opinions

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Writing Weirdness

Published October 23, 2016 by nruhwald

book-read-relax-lilacI apologize for missing last week. It’s midterm week at the ‘ol tech school.

Given that writing a blog post is not necessarily a great drain on time you wouldn’t think it being midterm week would mess up my blogging schedule so much.

But hey, look at that. It did.

Without further ado, I’d like to talk about writing weirdness. Not writing weird things, but the weird things going on in the writing world.

Specifically, something I keep hearing people say. Usually something like: “I don’t use my writing to express my viewpoint,” or “nobody likes to be preached at” etc.

The thought pattern behind this, I suppose, is: writers should avoid putting their personal opinions into their writing because people do not like encountering viewpoints contrary to their own, and heaven forbid anyone should mistakenly think the person with an opinion is “judgy.”

By the fact that I’m bringing this up, one could assume that I don’t agree with this kind of thinking. It’s not so much that I don’t agree. I just think people who say this are missing something rather obvious.

We are all unique. Our opinions and worldviews are as unique as our fingerprint. This is why nobody ever writes the same story. We all know this.

Then why would anybody think that at least part of what they believe and how they see the world is not evident in their writing?

Whether a writer makes a point of discussing something in a novel is irrelevant. Who they are will show up in what kinds of characters they create, and what kinds of stories they tell. It’s not a bad thing.

How you view the world and what kind of experiences you’ve have will shape your idea of what a lousy person looks like. Your choices of antagonists will reflect that. Likewise for your protagonists.

Your opinions are going to be in your story anyway. Other people may not notice. Some of them will.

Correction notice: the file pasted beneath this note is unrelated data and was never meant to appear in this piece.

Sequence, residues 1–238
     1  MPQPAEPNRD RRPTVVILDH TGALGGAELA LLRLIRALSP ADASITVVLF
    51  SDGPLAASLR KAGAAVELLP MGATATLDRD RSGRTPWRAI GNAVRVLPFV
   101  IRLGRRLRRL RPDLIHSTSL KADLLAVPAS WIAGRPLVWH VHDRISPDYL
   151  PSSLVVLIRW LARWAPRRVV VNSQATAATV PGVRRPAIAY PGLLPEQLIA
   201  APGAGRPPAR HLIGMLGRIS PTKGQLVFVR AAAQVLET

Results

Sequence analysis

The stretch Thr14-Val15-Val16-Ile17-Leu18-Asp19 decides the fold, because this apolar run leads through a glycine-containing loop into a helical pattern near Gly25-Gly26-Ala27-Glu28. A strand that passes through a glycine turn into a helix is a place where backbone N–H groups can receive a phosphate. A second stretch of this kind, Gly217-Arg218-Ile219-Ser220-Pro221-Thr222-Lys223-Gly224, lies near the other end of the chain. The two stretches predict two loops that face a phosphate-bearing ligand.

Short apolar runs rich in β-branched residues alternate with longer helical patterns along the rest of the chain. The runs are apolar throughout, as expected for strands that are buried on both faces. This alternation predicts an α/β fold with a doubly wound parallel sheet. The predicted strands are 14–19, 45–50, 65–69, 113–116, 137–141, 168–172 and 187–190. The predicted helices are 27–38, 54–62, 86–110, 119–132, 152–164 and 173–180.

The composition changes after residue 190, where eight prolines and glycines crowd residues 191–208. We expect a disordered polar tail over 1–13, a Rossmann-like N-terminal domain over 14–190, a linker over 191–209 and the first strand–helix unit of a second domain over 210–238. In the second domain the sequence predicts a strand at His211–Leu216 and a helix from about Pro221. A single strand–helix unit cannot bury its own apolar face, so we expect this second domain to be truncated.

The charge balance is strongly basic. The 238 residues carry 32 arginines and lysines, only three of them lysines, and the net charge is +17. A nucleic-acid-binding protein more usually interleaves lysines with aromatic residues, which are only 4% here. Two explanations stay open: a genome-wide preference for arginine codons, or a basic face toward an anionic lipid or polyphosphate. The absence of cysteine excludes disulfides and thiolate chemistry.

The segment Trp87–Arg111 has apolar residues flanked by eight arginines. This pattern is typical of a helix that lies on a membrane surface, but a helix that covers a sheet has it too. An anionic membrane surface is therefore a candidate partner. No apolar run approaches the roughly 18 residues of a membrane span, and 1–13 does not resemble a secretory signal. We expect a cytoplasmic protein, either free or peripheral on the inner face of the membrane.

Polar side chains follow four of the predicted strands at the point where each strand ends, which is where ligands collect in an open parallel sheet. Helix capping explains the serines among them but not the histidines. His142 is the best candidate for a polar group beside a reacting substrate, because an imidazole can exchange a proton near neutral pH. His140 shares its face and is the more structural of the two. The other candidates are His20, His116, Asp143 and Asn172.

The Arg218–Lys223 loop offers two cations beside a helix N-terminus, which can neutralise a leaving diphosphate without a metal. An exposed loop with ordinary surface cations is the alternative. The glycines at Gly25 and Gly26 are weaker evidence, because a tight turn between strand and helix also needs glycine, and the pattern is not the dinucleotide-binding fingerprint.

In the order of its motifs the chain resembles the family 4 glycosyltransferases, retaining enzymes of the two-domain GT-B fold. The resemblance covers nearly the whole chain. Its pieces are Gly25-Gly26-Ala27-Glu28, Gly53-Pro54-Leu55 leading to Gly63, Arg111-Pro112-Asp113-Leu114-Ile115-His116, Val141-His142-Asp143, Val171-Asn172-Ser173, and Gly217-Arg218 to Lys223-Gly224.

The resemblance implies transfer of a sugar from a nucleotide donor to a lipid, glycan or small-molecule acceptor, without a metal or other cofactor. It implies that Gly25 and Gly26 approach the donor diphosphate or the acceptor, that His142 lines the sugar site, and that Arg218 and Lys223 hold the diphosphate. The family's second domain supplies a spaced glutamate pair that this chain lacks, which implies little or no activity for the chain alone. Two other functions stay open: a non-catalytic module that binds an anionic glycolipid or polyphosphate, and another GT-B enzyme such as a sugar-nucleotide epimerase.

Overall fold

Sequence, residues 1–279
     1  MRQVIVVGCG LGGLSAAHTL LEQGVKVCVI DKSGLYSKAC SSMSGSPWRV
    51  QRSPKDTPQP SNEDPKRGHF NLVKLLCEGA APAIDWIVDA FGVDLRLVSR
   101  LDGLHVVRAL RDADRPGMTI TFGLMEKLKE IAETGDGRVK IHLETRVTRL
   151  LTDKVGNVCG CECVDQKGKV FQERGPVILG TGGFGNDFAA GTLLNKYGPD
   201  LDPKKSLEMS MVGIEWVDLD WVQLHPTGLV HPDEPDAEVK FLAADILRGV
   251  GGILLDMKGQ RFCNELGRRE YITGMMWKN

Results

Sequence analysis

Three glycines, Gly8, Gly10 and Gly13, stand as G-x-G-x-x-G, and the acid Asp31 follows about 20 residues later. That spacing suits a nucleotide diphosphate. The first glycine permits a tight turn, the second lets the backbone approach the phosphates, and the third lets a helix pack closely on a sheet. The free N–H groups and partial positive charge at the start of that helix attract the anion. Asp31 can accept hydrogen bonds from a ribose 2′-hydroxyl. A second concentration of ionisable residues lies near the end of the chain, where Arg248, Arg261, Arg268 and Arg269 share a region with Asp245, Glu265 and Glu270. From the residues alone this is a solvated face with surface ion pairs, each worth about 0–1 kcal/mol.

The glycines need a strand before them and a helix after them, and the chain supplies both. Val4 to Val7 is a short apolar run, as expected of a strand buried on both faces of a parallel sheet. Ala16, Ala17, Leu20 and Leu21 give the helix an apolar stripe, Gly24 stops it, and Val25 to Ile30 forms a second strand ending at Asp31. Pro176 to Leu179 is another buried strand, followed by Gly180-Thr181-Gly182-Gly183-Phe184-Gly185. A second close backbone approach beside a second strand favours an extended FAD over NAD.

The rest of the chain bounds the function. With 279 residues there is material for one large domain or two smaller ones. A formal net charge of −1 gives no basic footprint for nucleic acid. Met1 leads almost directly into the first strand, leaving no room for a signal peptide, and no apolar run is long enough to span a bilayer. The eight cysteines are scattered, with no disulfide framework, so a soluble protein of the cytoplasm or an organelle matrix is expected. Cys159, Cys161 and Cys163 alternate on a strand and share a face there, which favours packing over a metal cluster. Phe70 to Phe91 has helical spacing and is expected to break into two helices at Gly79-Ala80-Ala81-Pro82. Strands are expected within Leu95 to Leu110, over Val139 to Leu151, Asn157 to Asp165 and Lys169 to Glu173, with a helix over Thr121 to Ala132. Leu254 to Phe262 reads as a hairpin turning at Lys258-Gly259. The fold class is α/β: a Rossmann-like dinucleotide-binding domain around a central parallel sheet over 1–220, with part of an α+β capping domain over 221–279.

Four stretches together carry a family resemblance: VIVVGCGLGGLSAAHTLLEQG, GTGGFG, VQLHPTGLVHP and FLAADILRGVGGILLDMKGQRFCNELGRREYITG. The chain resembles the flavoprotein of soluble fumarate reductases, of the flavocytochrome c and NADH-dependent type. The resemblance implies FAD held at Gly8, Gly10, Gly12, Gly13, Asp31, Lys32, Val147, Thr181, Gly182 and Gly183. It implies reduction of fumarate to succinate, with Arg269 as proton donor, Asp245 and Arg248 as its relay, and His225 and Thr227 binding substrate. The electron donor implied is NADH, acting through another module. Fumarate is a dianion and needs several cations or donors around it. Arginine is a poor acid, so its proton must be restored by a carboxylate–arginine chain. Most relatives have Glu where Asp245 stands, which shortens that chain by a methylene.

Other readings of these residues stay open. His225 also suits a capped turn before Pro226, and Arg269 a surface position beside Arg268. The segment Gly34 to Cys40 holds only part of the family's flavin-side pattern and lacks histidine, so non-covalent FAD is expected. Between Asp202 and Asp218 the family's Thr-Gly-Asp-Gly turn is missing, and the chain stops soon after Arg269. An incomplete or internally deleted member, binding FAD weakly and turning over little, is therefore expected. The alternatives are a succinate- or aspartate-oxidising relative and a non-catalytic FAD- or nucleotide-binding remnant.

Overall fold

Sometimes I like to read through another writer’s work, published or otherwise, and make guesses about what they believe from that. And then find out more about them from their profiles and bio’s and such to see if I was right. (Saying this just to prove a point, not to brag,) but I’m right about 90% of the time. I can spot a fellow Christian from a hundred yards.

People who can write convincingly from another perspective are rare. I can also tell if a writer chooses to have religious characters, (because, you know, most people do believe in something) but are not religious themselves.

Okay, I guess it’s obvious I don’t agree with the kind of thinking that says you shouldn’t put what you believe in your writing. I think it’s silly, because what you believe is in there anyway. (Especially when people say they don’t put their beliefs in writing and then advocate for diversity in writing. Isn’t diversity all about different world views and experiences? How do you keep opinions out of that?)

It’s okay to have an opinion and put it somewhere where people might see it. All else being equal, a well-crafted story with someone’s opinions in it is still a good story.

People are too scared of opinions other than their own these days. Knowing this, it’s tempting to pack our own away. But wouldn’t it be better to learn to express our views and receive other people’s views in a non-combative way?

 

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